Γραικός

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Ancient Greek[edit]

Etymology[edit]

Uncertain origin. Aristotle wrote that it was an Illyrian word used to describe the Dorian tribes in Epirus, from Graii, an indigenous name of peoples in the coastal region.[1]

In modern scholarship, the name is traced to Γραῖα (Graîa), a city on the coast of Boeotia, a name given to the Greeks by the Romans, where they first met. The city's name itself means "grey", from Proto-Indo-European *ǵerh₂- (to grow old).[2]

Pronunciation[edit]

 
  • (5th BCE Attic) IPA(key): /ɡrai̯.kós/
  • (1st CE Egyptian) IPA(key): /ɡrɛˈkos/
  • (4th CE Koine) IPA(key): /ɣrɛˈkos/
  • (10th CE Byzantine) IPA(key): /ɣreˈkos/
  • (15th CE Constantinopolitan) IPA(key): /ɣreˈkos/
  • Adjective[edit]

    Γραικός (Graikósm (feminine Γραική, neuter Γραικόν); first/second declension

    1. Greek

    Declension[edit]

    Proper noun[edit]

    Γραικός (Graikósm (genitive Γραικοῦ); ? declension

    1. Graecus, a character in Greek mythology, said to be a son of Thessalos, the king of Phthia; or else a son of Pandora and Zeus.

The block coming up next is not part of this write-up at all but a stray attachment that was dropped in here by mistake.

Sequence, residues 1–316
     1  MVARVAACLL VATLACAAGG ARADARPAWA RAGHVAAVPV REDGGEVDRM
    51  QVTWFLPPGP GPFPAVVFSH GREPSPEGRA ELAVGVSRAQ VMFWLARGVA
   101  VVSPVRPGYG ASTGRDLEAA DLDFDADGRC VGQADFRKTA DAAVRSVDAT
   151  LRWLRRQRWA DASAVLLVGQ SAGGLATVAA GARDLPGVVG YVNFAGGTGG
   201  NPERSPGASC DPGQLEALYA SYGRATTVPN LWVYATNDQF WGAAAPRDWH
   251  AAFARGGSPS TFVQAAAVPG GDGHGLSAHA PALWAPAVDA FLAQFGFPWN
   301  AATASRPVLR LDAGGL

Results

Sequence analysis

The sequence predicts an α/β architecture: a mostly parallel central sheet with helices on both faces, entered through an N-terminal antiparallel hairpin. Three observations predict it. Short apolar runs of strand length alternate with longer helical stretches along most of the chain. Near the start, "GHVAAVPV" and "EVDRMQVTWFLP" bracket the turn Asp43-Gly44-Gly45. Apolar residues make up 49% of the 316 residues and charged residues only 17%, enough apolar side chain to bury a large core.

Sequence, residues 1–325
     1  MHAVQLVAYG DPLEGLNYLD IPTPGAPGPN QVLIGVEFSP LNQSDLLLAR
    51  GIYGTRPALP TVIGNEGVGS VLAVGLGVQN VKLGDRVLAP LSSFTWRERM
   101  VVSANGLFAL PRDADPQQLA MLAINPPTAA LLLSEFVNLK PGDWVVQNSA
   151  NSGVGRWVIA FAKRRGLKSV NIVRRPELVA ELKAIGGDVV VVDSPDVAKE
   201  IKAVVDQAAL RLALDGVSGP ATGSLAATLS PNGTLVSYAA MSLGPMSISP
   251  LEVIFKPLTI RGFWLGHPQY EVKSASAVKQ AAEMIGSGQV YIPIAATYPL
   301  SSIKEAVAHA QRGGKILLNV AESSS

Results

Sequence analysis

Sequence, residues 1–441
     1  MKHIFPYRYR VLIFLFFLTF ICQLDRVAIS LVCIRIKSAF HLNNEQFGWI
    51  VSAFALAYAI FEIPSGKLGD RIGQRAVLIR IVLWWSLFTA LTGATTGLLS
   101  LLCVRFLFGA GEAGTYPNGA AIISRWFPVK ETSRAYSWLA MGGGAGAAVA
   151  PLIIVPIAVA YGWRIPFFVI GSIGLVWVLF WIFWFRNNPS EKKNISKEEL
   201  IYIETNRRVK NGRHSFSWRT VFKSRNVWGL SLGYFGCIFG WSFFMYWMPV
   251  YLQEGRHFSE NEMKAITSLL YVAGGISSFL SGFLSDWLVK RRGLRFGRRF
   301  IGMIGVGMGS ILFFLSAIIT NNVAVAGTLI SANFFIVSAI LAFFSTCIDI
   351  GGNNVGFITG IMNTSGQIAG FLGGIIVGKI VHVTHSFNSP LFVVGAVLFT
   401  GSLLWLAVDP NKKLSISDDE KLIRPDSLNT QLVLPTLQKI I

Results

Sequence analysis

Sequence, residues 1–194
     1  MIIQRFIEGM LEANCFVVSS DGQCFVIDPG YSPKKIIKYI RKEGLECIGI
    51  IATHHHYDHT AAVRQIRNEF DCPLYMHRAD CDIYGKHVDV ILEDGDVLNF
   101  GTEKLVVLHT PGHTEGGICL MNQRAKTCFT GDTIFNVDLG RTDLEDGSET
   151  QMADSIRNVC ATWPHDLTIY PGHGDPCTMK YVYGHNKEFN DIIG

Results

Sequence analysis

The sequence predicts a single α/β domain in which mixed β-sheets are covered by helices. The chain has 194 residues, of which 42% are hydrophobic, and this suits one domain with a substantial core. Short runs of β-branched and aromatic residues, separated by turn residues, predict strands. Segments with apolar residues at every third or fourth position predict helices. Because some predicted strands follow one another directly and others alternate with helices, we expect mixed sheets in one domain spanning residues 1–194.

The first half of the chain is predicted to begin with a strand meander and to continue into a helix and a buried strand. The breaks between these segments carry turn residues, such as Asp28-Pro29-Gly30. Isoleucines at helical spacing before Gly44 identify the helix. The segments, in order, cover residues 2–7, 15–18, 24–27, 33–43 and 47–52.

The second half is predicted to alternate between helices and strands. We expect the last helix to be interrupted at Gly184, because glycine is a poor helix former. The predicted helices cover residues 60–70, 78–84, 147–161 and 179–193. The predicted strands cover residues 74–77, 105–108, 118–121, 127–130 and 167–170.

Declension[edit]

    Noun[edit]

    Γραικός (Graikósm (genitive Γραικοῦ); ? declension

    1. a Graecian, a member of an ancient Boeotian tribe that migrated to Italy.

    Declension[edit]

    Descendants[edit]

    References[edit]

    1. ^ Aristotle, Μετεωρολογικά, I.xiv
    2. ^ R. S. P. Beekes, Etymological Dictionary of Greek, Brill, 2009, p. 267.

    Further reading[edit]


    Greek[edit]

    Etymology[edit]

    From Ancient Greek Γραικός (Graikós)

    Noun[edit]

    Γραικός (Graikósm (plural Γραικοί)

    1. (obsolete) Greek

    Usage notes[edit]

    Declension[edit]

    Synonyms[edit]

    Related terms[edit]